Somewhat disappointingly, despite having had years to come up with the design, there’s not much that is completely new on the Miele Triflex.
The AEG FX9 has a similar adjustable handle design. Plenty of cordless models have had LED headlights for a number of years, and most Shark vacuums, the Bosch Unlimited and the Numatic Henry cordless vacuum have swappable batteries.
Even among those that don’t, premium models such as the Dyson V11 Absolute (£599) and Tineco Pure One (£499) still provide up to an hour of cleaning time, which competes with the claimed battery life of all but highest-spec Miele Triflex.
There are also some recent features of premium cordless vacuum cleaners that are missing, such as:
- Auto cleaning mode – the Dyson V11 Absolute and the Tineco Pure One S12 both automatically adjust suction to optimize battery life and save you the trouble of switching cleaning modes.
- Digital display and controls – these models also have touch-sensitive digital displays that display the amount of battery life you have left and even alert you to maintenance jobs that need completing. As far as we can tell, the Triflex just has a slider control, and we can’t spot a battery-life indicator.
- Weight and capacity – the 0.5-litre dust container is smaller than on some premium rivals, and at 3.7kg it’s at the heavier end, too.
However, it’s not all about flashy features. We’ve seen plenty of cordless vacuums that are heavy on the gizmos but suck at the actual job of cleaning. However, it’s understandable that if you’re paying top whack, you might want to have it all.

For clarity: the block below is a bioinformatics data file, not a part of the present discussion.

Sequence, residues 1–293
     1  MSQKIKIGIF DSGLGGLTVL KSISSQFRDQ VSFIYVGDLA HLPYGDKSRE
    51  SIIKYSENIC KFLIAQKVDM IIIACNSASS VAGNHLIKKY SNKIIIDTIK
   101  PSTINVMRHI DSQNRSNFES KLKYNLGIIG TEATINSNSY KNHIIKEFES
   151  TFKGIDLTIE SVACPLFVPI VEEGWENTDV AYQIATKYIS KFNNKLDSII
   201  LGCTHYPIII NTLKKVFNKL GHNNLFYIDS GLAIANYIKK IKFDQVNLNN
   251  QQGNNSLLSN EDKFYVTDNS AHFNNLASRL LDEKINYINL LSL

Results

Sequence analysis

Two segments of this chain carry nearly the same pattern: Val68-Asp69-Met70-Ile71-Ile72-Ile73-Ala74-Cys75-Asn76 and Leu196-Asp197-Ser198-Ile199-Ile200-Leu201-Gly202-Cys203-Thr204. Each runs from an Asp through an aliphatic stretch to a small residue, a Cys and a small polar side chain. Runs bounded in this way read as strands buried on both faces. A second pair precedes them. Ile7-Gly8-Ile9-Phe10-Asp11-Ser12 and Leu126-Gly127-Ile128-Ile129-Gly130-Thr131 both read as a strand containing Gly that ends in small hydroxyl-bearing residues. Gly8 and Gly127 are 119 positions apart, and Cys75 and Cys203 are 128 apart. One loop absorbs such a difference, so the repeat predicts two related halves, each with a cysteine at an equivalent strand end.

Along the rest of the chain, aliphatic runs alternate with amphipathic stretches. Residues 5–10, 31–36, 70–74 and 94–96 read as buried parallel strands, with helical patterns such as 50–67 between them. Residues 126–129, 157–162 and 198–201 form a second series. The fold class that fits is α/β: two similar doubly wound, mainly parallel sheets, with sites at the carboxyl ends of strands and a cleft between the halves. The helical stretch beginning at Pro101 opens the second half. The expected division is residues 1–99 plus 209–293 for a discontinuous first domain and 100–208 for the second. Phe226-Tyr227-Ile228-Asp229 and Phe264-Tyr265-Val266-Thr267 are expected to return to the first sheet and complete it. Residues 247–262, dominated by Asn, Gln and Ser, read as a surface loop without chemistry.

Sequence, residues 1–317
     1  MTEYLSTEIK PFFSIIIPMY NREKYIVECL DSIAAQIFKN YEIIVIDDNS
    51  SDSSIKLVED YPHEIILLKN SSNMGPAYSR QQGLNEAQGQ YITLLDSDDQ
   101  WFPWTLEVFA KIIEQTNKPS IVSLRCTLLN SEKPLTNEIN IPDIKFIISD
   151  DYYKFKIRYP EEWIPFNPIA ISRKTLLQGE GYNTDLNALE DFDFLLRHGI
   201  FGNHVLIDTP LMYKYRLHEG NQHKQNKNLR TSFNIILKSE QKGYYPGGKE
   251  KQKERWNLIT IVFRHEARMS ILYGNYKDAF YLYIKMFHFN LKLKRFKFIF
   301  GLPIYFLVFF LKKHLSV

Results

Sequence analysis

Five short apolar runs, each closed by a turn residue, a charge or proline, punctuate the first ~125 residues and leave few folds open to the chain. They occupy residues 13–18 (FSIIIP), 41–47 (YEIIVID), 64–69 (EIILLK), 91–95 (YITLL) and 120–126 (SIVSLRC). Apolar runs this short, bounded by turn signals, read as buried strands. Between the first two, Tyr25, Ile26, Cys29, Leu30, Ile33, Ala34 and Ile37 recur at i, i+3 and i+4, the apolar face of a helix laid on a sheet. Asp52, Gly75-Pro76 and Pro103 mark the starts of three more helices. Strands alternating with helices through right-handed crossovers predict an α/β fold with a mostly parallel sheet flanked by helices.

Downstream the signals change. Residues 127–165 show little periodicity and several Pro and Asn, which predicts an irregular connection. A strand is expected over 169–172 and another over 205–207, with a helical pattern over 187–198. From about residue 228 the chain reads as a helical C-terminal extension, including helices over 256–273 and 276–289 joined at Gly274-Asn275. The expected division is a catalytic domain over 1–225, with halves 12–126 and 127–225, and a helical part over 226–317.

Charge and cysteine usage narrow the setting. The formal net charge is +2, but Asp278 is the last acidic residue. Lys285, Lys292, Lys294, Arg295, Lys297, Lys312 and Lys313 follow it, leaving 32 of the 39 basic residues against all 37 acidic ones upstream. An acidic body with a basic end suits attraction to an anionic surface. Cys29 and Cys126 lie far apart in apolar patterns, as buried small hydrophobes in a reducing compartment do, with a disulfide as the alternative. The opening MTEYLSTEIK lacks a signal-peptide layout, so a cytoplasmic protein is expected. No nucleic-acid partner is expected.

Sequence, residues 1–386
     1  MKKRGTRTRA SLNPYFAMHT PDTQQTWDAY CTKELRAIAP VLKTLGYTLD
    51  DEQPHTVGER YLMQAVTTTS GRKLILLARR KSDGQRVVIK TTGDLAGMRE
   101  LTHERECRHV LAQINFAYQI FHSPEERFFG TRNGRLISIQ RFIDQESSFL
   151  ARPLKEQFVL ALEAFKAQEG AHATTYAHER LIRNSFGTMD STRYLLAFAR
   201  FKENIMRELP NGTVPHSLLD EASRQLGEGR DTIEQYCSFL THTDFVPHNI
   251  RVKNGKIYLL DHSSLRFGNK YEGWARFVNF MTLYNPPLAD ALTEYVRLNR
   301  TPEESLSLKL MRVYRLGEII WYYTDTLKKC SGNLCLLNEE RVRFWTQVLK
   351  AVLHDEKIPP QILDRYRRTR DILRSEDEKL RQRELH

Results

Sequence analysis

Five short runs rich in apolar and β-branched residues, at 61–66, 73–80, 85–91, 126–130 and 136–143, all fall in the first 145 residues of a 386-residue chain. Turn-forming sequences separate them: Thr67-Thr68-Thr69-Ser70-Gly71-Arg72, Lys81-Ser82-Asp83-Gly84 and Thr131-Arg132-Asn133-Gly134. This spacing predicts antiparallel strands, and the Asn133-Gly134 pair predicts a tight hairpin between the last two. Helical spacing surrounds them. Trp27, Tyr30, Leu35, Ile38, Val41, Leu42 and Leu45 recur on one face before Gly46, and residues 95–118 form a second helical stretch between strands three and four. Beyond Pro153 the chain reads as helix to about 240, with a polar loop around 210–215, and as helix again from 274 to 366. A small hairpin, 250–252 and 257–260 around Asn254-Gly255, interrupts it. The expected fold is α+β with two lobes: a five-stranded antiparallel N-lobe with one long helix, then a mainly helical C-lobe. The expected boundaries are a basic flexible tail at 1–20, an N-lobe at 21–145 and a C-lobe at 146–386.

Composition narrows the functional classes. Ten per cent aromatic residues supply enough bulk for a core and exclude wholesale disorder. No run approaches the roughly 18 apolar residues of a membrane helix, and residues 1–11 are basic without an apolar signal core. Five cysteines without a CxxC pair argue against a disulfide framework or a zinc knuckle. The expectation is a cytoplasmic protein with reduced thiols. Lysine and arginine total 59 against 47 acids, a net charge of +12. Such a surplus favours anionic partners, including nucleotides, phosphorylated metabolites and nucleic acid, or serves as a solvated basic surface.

See our Don’t Buy cordless vacuum cleaners for the inside track on the pricey models that disappoint on the basics
Miele Triflex range in detail
There are three models in the range. These are:
- Miele Triflex HX1 (£499) – the entry-level model. Available in grey ,white or red. Comes with a wall mount, a non-turbo brush, multi-surface floorhead and a detachable battery that Miele claims lasts for up to an hour.
- Triflex HX1 Cat&Dog (£599) – in black. Comes with a few extras including a Hepa filter and a souped-up floorhead that contains a turbo brush and bright LED lights to illuminate the way.
- Triflex HX1 Pro (£699) – in grey, and comes with an extra battery and charger.
Do you really need to spend £700 on a vacuum cleaner?
Cordless vacs tend to be much pricier than corded models, with many costing at least £250.
The more you pay, the more cleaning time you tend to get, as well as extra cleaning accessories and fancy features such as auto cleaning or digital displays.
But you don’t need to spend this much to get a good cordless vac. We’ve found Best Buy cordless vacuum cleaners from as little as £180 that are easy to use and clean exceptionally well.
If you’re looking to spend less, stick with the cord. We’ve found top-notch corded vacuum cleaners for less than £100.
We will be trying out the Miele Triflex as soon as we can get hold of one, so come back for our verdict on its cleaning power.
See how Miele corded vacuum cleaners fare in our tough tests.